Spoils of War: Trade Shocks and Segmented Labor Markets in Spain during WWI
Working Paper 2021-14
Abstract: How does intranational factor mobility shape the welfare effects of a trade shock? I provide evidence that during WWI, a demand shock emanated from belligerent countries and affected neutral Spain. Within Spain, labor predominantly reallocated locally, while the most affected provinces experienced drastic increases in wages and consumer prices. Embedding imperfect labor mobility in an economic geography model, I show that external demand shocks can improve allocative efficiency, but asymmetric shocks cause localized increases in wages and consumer prices instead of reallocation. Adjusting an aggregate gains of trade formula to take domestic reallocation into account more than triples the estimated welfare effects.
JEL classification: D5, F11, F12, F15, F16, N9, N14, R12, R13
Key words: gains from trade, labor mobility, economic geography
For their comments, the author is grateful to Konrad Adler, Treb Allen, Andy Bernard, Emily Blanchard, Toni Braun, Albert Carreras, Thomas Chaney, Kerem Cosar, Klaus Desmet, Chris Edmond, Patrick Feve, Jim Feyrer, Sharat Ganapati, Christian Hellwig, Rob Johnson, Brian Kovak, Tim Lee, Thierry Mayer, Rory McGee, Marti Mestieri, Nina Pavcnik, Franck Portier, B Ravikumar, Vincent Rebeyrol, Juan Rubio-Ramirez, Mohammed Saleh, Chris Snyder, Francois de Soyres, Bob Staiger, Robert Ulbricht, Nikolaus Wolf, as well as seminar and workshop participants in many places. The author would also like to thank Javier Silvestre for sharing his data on internal migration in Spain and Julio Martinez-Galarraga for sharing their data on consumer prices as well as providing helpful comments. Finally, the author acknowledges financial support via ERC grant no. 337272-FiNet. The views expressed here are those of the author and not necessarily those of the Federal Reserve Bank of Atlanta or the Federal Reserve System. Any remaining errors are the author’s responsibility.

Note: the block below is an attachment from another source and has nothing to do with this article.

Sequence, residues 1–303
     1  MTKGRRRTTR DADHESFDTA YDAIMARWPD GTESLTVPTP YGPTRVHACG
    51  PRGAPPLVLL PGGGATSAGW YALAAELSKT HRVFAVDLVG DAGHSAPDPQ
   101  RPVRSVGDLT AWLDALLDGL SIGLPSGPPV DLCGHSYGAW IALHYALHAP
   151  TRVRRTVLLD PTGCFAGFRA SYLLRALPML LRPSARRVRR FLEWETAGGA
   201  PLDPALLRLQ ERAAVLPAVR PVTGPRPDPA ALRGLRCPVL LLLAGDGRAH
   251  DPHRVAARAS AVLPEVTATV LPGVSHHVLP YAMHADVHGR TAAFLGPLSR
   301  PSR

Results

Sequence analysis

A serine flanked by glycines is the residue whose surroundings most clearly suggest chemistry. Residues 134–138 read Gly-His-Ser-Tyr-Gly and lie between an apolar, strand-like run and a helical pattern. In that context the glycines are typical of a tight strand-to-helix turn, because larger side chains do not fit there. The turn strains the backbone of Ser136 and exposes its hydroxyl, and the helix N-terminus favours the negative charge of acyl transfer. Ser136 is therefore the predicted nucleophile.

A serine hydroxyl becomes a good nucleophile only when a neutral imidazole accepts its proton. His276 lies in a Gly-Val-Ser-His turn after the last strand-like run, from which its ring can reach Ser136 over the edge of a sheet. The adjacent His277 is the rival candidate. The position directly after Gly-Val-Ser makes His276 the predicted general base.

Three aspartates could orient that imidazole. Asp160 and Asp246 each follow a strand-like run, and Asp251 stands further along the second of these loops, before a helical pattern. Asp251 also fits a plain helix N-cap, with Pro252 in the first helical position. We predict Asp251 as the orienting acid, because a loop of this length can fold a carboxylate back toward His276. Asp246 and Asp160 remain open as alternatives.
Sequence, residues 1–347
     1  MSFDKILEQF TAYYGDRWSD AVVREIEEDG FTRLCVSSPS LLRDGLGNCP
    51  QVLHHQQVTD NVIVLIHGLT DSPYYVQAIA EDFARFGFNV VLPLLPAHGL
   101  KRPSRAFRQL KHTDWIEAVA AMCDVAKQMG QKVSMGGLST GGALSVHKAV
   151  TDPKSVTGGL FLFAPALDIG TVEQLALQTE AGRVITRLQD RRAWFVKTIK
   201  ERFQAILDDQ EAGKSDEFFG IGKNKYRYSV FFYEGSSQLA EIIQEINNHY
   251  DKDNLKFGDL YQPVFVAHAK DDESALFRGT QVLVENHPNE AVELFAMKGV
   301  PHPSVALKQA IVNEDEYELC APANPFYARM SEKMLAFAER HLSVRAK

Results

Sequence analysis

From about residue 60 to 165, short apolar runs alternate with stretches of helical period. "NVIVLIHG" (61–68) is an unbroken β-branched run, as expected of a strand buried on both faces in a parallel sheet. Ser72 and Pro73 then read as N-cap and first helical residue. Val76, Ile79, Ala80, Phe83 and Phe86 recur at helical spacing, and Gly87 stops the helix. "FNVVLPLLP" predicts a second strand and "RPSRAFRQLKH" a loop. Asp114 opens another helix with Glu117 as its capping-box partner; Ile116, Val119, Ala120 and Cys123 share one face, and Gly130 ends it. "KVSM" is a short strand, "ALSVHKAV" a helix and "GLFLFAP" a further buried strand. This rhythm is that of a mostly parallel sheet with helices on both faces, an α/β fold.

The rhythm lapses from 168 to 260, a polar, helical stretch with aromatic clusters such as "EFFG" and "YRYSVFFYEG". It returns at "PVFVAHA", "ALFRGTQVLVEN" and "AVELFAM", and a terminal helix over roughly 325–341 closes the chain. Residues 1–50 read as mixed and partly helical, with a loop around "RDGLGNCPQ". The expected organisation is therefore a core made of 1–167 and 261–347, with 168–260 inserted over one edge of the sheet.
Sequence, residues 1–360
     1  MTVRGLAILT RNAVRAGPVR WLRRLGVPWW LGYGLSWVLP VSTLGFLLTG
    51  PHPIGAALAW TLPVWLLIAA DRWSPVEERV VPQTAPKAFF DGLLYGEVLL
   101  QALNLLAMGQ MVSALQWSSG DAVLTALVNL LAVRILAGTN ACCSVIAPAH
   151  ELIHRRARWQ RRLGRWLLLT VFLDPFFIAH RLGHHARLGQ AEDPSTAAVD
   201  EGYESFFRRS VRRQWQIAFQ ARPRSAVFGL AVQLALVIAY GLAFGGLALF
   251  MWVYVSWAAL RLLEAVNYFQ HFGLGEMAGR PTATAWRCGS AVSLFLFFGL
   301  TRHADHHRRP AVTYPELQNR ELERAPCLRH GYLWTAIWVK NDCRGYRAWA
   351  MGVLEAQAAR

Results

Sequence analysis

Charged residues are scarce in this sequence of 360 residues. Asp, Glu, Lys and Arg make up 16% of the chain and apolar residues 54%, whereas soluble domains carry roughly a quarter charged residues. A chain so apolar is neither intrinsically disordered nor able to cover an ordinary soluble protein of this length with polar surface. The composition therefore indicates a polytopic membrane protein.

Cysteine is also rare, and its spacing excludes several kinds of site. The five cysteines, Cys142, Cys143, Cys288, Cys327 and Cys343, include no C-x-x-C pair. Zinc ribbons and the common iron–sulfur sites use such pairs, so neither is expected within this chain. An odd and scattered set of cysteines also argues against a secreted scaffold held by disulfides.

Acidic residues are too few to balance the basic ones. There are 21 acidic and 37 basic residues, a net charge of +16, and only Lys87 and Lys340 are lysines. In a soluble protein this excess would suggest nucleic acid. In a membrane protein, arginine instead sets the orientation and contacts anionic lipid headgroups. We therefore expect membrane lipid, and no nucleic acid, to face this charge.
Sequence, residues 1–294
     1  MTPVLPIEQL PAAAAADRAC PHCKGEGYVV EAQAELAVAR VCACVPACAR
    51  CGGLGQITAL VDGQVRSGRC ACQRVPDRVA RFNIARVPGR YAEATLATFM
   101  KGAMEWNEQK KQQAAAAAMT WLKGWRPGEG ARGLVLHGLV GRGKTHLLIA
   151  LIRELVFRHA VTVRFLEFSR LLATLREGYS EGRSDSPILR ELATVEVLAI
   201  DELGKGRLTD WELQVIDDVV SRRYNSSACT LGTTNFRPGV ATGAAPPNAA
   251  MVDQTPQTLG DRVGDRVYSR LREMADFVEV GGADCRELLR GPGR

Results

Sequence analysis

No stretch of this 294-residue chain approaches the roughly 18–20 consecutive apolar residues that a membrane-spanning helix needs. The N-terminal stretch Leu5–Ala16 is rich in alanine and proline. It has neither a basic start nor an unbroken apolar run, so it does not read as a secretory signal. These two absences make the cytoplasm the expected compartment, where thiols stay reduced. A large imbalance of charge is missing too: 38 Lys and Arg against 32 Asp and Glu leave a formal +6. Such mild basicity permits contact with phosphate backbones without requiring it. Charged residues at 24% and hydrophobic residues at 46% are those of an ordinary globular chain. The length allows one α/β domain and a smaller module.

Please address questions regarding content Simon Fuchs, Federal Reserve Bank of Atlanta, 1000 Peachtree Street NE, Atlanta, GA 30309.
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